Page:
As we got more comfortable during the later part of the first ranking period, the conversation after class would often turn to sports. Mr. Stubbs was also the boys freshmen basketball coach at the time. Coach, noticing I had an interest in sports, asked me if I would be interested in being his scorekeeper and manager. I said, sure. This wasn’t the only offer I would get this fall, however.
Down the hall from the math wing at Bangor High School was the social studies department. All freshmen back then were required to take civics. My civics teacher was none other than head basketball coach, Roger Reed. You might have heard of him. I also received an offer to be a team manager and statistician. I remember it being a tough decision at the time but I decided to go with Coach Stubbs and help the freshmen team.
The decision came down to the freshmen game times being earlier and the travel was less then with the varsity team. Having struggled a bit academically the first quarter of my high school career, I figured this would be advantageous for me. Plus, I would be with my own class and people I knew. I would go on to spend the next three years of high school with the varsity program and Coach Reed.
Later during freshmen year, thoughts turned to baseball. Coach Stubbs was a longtime assistant coach under veteran Bangor High School baseball coach, Bob Kelley. I knew Coach Kelley very well as I had him for three years of phys. ed. at Fifth Street Middle School, now known as the Doughty School. Mr. Stubbs encouraged me to manage the baseball team, and keep the scorebook, which I did.
Coach Stubbs planted the seed but little did I know how deep the roots went down. From John Stubbs, I learned more than anything the value of organization. He was just so meticulous in everything he did. This example has served me well throughout everything I’ve done in life from my public address announcing duties, to coaching, to writing, to broadcasting, and through to my career as a service coordinator with Aging Excellence.
Later in my high school career, I would also encounter another man who has had a major impact on my life and who has opened numerous doors in the area of athletics. Bob Cimbollek was the head of the phys. ed. department at the time and was in his second year as the head basketball coach at John Bapst. At the time, Coach Cimbollek was writing a book on shooting and would ask me to come down and help proofread during free periods. I also got involved with his summer shooting camps.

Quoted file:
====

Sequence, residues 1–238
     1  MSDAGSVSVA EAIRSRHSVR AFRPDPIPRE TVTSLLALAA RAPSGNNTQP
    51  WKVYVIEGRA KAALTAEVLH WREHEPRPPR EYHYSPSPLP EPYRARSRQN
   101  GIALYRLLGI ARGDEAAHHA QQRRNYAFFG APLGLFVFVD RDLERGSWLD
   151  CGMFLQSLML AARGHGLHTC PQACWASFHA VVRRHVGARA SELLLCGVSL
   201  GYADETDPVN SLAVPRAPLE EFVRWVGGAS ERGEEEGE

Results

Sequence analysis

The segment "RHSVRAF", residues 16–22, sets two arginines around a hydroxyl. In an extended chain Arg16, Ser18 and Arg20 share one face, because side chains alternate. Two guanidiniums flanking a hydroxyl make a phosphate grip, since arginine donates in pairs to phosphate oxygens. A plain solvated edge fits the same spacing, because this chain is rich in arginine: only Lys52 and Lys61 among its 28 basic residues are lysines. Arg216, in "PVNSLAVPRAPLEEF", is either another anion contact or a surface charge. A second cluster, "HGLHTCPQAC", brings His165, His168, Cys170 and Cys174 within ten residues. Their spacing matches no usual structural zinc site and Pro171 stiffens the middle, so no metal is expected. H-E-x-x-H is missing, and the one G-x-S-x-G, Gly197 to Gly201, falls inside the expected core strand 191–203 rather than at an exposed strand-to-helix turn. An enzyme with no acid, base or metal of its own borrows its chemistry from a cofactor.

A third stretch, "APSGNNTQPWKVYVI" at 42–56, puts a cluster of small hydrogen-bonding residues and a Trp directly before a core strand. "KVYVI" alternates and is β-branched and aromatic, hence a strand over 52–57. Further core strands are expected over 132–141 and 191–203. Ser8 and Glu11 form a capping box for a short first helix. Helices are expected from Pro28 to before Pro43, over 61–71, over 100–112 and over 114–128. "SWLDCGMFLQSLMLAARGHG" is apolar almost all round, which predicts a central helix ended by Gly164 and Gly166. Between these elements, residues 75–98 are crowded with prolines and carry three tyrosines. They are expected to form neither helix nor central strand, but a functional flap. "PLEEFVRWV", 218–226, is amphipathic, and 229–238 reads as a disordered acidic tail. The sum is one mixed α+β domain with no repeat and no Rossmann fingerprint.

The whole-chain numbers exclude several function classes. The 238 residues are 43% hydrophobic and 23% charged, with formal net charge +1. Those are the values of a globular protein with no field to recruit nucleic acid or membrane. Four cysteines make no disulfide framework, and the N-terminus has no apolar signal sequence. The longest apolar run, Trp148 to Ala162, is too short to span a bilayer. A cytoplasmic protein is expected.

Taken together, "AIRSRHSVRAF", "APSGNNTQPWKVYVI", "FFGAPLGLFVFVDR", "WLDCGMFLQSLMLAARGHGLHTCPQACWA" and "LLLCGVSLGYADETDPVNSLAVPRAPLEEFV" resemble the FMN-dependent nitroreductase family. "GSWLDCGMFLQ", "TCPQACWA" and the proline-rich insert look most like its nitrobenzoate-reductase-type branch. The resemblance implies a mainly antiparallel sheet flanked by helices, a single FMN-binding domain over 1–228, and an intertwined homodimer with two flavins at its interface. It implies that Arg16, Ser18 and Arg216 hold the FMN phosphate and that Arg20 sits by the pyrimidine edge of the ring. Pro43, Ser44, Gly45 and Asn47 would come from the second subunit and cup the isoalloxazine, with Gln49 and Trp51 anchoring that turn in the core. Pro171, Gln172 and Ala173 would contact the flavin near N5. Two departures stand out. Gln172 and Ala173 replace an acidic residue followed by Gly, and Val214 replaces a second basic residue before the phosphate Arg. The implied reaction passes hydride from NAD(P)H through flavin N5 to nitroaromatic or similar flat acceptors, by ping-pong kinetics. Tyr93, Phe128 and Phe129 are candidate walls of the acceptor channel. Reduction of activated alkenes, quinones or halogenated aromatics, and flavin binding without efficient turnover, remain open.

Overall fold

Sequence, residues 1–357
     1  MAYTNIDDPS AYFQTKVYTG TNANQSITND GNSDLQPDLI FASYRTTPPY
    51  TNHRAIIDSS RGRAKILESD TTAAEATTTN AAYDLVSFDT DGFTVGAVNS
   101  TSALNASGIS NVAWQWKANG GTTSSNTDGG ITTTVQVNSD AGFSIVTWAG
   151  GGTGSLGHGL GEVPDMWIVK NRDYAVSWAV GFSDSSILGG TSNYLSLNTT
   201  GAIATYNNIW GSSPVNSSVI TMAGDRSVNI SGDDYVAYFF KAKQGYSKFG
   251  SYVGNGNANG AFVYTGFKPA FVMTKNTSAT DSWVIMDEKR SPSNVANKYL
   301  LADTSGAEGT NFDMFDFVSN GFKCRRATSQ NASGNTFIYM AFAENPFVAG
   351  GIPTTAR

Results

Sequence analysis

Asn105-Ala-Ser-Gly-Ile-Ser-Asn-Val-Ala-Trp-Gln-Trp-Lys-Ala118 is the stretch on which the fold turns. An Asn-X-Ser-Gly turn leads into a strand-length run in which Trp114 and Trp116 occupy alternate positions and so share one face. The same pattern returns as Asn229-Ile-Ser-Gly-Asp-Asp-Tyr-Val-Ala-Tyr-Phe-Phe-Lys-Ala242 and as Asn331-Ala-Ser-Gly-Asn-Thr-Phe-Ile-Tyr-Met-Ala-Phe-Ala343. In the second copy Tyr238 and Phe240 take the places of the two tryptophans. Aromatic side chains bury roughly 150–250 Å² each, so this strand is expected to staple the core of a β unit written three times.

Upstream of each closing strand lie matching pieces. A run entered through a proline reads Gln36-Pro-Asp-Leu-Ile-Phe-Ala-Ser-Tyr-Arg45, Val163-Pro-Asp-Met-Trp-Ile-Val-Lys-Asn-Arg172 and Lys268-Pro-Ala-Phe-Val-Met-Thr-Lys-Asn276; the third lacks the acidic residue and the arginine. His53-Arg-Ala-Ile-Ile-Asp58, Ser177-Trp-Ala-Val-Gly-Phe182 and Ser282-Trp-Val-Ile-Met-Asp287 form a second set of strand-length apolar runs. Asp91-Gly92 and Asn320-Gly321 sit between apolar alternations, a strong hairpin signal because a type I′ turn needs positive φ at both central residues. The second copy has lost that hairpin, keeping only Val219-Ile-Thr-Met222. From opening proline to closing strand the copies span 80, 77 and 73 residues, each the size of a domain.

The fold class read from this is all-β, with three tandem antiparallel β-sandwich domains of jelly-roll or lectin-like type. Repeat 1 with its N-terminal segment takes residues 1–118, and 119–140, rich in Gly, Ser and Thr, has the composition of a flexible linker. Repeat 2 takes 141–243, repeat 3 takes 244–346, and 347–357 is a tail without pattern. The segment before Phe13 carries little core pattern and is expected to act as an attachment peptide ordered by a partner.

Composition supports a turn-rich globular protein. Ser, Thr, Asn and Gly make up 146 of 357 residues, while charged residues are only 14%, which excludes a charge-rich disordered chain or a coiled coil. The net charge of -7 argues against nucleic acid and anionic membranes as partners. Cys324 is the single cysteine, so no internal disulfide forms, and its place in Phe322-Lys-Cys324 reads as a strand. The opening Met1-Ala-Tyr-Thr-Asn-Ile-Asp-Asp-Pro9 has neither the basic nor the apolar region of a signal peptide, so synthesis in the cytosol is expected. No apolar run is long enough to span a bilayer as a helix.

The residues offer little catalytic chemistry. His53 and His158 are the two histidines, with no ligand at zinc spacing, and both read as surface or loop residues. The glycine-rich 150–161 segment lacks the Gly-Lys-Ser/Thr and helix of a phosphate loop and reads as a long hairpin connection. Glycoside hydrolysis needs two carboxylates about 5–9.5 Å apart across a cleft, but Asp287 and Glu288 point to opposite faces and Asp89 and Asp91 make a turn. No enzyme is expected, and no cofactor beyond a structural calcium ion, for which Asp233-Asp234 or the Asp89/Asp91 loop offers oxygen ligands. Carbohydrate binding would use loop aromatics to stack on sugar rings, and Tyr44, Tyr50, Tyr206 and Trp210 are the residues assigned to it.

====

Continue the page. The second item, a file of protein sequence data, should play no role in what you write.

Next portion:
I was fortunate to have had a number of quality teachers at Bangor High School, who not only taught academic subjects, but who also impacted who I’ve become. Two teachers that really stood out in my senior year were Arthur Monk, who taught psychology, and Drew Milliken, who was an outstanding English teacher. Mr. Monk was a great supporter of our basketball program and just an avid fan of high school basketball in general. I remember going along many nights scouting with Coach Reed and Mr. Monk. When the topic turned to politics, things got really interesting as Mr. Monk was a strong Democrat and Reed a staunch conservative Republican.
Mr. Milliken might have been the best teacher I had at Bangor High School. Demanding but fair, he really taught me how to write well. I remember having a number of conferences with him regarding my senior research paper in which we would carefully go over each line. By the way, my topic dealt with the corruption and scandal in college athletics. I told you athletics ran through my core. While I’ve forgotten most of what I’ve learned in school, many of Mr. Milliken’s lessons, particularly with regards to writing, have stuck with me.
Upon graduation from Bangor High School and entering college at the University of Maine at Farmington, I thought my days of being involved with athletics were over. Save for helping Coach Reed with his summer basketball program during my vacations home, they were for two years. Little did I realize it was only the beginning of wonderful journey.
To Be Continued